Mallow Bay: the largest fleet of sunken ships in the United States
If there were ever a place that could be described as a ship graveyard, it is the murky waters of Mallows Bay.
The history of these maritime vessels in the U.S. is preserved in an unlikely place: at the bottom of a river! Here, nearly 200 military shipwrecks, dating as far back as the Revolutionary War and including ships from the Civil War and both World War I and World War II, were deliberately sunk over centuries, in an area of the Potomac River called Mallows Bay, in Maryland.
At Mallows Bay, if you look from the shore of the Potomac River, you can see partially submerged hulls of hundreds of ships belonging to the largest fleet ever sunk in the western hemisphere (Chuuk Lagoon being the largest in the world). Ships intentionally sunk in this desolate area, just 30 miles down the river to Washington, DC.
Once mighty steamships, were built in a hurry, by order of the Emergency Fleet Corporation (later renamed United States Shipping Board Merchant Fleet Corporation). The reason for this immense work was the desire to keep the existing supply lines between the United States and Europe open during the World War I.
When the United States entered the war in 1917, the ships present were not enough: many boats, in fact, were sunk by U-boats. In the first two weeks of the entry into the conflict, the US lost 122 ships, all sunk by German submarines.
The EFC was then tasked with an impossible feat: to build 1,000 wooden steamships, over 90 meters in length, under the tight deadline of just 18 months.
About 500,000 people worked for the hard task, and to fulfill the request, the EFC requisitioned all merchant ships under construction in the nation’s shipyards.
With a rapidly approaching due date and a supply of steel that was reserved for ships that would see battle, the rush job was just that. It resulted in poorly constructed wooden ships that, despite the time saving methods used, didn’t come anywhere close to being ready in time.
So, even if about half a million people worked on the project, in the end they did not build 1,000 ships but only 264 and of these only 76 participated in the conflict before the hostilities ended in November 1918. Moreover, by the time the Germans had surrendered, not a single ship from the lofty order had crossed the ocean.
With the war over and steel once again in abundance, the ships, mostly unused, were discarded, left to rot in the Potomac. Already in 1925 the steamships had become obsolete due to the switchover to diesel engines.
Two salvages were attempted but were, for the most part, unsuccessful due to cost and sheer magnitude.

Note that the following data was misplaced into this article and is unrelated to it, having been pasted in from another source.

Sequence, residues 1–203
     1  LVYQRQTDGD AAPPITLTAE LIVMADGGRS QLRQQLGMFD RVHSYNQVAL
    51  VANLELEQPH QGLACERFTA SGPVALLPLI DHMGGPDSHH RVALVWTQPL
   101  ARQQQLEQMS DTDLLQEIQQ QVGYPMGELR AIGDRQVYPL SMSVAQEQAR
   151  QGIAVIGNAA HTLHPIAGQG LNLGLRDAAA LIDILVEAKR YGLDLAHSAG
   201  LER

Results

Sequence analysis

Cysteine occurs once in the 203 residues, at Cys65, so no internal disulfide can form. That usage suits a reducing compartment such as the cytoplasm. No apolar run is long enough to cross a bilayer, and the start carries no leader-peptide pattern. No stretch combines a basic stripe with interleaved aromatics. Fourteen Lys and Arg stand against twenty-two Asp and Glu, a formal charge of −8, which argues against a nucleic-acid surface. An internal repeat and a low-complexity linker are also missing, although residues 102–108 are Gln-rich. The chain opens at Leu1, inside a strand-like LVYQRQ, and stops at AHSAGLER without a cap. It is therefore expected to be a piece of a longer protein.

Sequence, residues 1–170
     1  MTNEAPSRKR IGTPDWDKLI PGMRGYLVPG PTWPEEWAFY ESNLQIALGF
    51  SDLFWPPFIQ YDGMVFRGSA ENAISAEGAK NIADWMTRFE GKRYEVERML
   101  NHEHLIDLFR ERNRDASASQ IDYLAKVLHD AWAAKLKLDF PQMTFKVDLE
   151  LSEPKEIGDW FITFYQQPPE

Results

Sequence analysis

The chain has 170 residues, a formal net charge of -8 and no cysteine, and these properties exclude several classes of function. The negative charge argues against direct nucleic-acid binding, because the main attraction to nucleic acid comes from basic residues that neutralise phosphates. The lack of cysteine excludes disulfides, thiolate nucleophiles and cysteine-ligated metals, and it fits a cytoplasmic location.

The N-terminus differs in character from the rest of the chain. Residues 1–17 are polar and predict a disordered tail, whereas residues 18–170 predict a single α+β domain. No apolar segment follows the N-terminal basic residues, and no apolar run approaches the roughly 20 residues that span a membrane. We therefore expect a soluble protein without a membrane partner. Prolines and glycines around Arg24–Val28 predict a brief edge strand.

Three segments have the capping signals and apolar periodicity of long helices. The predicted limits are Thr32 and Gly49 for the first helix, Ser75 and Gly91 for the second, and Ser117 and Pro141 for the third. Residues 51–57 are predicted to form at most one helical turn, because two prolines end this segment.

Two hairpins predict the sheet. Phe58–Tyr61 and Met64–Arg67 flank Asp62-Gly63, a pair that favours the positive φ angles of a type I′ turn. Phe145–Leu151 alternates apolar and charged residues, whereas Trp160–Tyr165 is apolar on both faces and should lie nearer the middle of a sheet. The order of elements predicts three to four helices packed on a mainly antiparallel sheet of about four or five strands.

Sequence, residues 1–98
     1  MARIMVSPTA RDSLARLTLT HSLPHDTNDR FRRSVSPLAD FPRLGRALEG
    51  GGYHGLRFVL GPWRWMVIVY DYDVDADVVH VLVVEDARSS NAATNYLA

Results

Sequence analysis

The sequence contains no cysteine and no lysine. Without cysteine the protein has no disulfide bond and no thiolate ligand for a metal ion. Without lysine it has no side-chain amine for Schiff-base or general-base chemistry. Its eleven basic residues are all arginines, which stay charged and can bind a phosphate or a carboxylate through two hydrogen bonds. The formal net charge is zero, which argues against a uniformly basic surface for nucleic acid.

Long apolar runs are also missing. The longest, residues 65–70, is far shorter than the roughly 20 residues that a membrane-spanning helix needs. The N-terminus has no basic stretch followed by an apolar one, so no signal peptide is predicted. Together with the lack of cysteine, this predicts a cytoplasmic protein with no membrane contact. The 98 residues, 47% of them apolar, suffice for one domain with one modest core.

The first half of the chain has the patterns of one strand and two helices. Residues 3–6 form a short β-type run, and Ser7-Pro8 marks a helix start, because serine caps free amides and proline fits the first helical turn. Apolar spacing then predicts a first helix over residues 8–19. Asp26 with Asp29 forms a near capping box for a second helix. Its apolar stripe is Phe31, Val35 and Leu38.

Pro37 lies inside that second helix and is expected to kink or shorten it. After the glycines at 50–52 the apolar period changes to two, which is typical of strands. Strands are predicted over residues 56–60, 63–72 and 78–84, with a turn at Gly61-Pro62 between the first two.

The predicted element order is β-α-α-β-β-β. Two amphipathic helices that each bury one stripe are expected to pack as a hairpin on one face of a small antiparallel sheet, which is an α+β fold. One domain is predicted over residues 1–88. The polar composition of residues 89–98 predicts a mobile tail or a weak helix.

They decided to burn them and sink into the River. 106 wrecks are still visible today: if you enlarge Google Earth you can see contours below the surface of the water. Among the ships in the bay is the SS Aberdeen, built in just 17 days for the World War I, the SS Accomac ferry used up until 1964, but also older ships like a Revolutionary war boat and eighteenth-century schooners.
US fleet sank and low water turned out to be an advantage.
During the Great Depression locals earned their living by plundering metal wreckage, but also in World War II when steel had to be recovered for the war effort. When the wars ended the wrecks were abandoned again.
In the 1960s, an effort to clean up the bay was begun in earnest, and research was conducted to inventory, judge cost, and measure the environmental effects of the ships.
During that research, it was discovered that the shipwrecks had, in their non-toxic wooden state, become the foundation of an active and thriving ecosystem, habitat of fish and birds, including bald eagles.
Today in the National Register of Historic Places, Mallows Bay is embarking on the process of being recognized as a national marine sanctuary. Furthermore, it is important to emphasize that this fleet appears to be in motion. The results presented at the American Geophysical Union in December 2018 by a group of fifth grade students from JC Parks Elementary School (Maryland) revealed how many of the ships changed positions, comparing their positions plotted over time. The study has certified that most ships have moved (some as much as 20 miles, about 32 kilometers) east along the river to the ocean.
Acting as vessels for new life, the ghost ships will remain in the bay until they crumble away to nothing in the waters where they rest.